will not withdraw its peacekeepers from Somalia despite an attack on a convoy
of soldiers while on patrol in the capital, Mogadishu.
Army chief Aronda Nyakairima said the "terrorist attack" would not
deter them from pacifying Somalia.
Four soldiers were killed in the deadliest attack since 1,600 soldiers
were deployed to Somalia in March.
Meanwhile, a roadside bomb has exploded near the convoy of Somalia’s
prime minister but no-one is reported hurt.
"One of two men suspected of planting the bomb was captured on
the site," government spokesman Abdullahi Muhyidin Mohamed told Reuters
Prime Minister Ali Mohamed Ghedi’s convoy was targeted
near the former parliament building as he returned from the airport, where
the plane carrying the bodies of the dead soldiers was taking off for Uganda.
AU commission chairperson Alpha Omar Konare condemned the attack and urged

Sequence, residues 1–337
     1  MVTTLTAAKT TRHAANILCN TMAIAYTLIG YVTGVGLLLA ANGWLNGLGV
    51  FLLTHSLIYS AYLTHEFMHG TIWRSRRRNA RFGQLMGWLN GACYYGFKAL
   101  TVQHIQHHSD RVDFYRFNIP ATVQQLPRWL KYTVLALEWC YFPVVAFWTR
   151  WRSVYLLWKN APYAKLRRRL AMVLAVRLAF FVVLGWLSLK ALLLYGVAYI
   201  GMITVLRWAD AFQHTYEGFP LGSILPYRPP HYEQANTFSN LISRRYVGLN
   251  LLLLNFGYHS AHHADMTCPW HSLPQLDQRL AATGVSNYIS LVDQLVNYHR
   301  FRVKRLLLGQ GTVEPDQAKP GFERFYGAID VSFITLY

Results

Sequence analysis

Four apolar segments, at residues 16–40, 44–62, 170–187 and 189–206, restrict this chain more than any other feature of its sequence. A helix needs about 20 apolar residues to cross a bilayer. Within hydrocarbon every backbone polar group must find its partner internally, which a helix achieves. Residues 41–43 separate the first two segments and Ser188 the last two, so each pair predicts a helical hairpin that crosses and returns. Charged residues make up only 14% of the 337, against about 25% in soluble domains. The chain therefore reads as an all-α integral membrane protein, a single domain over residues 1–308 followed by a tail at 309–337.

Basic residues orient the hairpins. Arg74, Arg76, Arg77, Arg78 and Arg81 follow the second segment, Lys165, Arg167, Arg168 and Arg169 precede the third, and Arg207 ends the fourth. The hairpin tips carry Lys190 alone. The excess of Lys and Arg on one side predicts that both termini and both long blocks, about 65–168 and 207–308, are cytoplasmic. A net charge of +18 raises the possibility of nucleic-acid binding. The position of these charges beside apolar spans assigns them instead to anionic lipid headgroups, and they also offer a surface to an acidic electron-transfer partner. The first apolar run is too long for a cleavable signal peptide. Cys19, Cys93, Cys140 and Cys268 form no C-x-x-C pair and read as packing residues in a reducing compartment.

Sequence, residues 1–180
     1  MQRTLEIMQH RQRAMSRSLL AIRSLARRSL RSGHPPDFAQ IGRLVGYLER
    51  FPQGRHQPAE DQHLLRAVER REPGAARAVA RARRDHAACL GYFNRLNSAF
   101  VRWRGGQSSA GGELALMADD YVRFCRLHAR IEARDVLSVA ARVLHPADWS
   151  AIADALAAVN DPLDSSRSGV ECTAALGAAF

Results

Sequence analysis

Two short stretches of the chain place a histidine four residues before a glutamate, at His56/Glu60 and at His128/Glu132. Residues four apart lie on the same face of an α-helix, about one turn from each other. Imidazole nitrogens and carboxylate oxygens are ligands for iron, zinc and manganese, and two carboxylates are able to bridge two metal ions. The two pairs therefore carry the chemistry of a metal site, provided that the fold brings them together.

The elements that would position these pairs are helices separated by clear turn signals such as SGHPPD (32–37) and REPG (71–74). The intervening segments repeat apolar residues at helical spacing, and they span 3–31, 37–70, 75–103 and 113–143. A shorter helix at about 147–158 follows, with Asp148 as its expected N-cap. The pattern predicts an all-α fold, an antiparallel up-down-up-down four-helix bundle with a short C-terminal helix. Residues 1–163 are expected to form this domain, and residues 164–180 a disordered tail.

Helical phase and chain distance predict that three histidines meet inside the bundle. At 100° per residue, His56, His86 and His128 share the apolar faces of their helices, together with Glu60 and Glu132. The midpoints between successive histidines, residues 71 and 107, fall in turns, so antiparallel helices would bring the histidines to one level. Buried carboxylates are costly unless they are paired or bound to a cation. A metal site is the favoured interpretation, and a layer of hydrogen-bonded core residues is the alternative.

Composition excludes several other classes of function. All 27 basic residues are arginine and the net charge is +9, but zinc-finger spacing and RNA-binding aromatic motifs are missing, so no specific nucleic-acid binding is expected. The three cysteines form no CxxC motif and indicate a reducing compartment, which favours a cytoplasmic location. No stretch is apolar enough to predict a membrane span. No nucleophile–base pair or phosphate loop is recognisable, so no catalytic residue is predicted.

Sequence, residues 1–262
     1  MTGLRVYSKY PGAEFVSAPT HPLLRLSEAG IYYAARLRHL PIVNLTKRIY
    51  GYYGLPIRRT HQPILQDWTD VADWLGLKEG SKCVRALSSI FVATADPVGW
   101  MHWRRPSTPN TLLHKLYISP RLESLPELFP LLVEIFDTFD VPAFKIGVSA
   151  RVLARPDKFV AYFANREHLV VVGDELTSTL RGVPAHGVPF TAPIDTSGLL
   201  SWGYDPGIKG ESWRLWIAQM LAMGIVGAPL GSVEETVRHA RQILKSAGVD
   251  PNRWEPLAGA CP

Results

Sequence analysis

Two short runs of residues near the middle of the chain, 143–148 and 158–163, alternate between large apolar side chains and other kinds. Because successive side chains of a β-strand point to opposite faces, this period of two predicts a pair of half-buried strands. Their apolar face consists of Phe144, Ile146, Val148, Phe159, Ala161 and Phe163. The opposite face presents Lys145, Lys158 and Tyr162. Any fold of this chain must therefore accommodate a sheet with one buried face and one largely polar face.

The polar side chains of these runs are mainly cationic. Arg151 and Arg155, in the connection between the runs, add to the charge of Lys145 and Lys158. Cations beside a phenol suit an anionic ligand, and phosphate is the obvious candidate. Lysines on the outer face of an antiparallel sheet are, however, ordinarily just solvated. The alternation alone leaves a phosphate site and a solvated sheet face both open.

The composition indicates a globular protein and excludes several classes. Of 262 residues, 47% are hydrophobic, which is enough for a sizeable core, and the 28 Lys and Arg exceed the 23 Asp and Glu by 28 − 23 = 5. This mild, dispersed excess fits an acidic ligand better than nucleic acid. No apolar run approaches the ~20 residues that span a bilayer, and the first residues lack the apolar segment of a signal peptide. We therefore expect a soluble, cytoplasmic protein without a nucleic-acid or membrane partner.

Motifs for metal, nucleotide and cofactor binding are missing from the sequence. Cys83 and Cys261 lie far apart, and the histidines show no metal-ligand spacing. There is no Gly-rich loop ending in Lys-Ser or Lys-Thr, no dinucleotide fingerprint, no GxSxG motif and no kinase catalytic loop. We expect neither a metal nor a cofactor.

the Uganda soldiers to remain engaged in the "noble action" of helping
"It is a terrorist attack to try and intimidate our force. But those
are kicks of a dying horse," Gen Nyakairima said.
A proposed force of 8,000 Africa Union troops is due to take over security
duties from the Ethiopian army.
Ethiopia’s troops have been in Mogadishu since December at the invitation
of Somalia’s transitional government fighting Islamist insurgents and clan
The attack came a day after Somali President Abdullahi Yusuf held talks with
his Ugandan counterpart Yoweri Museveni in Kampala over the mission.
Mr Konare appealed to the western government to support the AU mission to
enable it carry out its mandate in Somalia.
Ghana, Malawi, Nigeria and Burundi have pledged to deploy troops
for the AU mission but they are yet to announce the dates.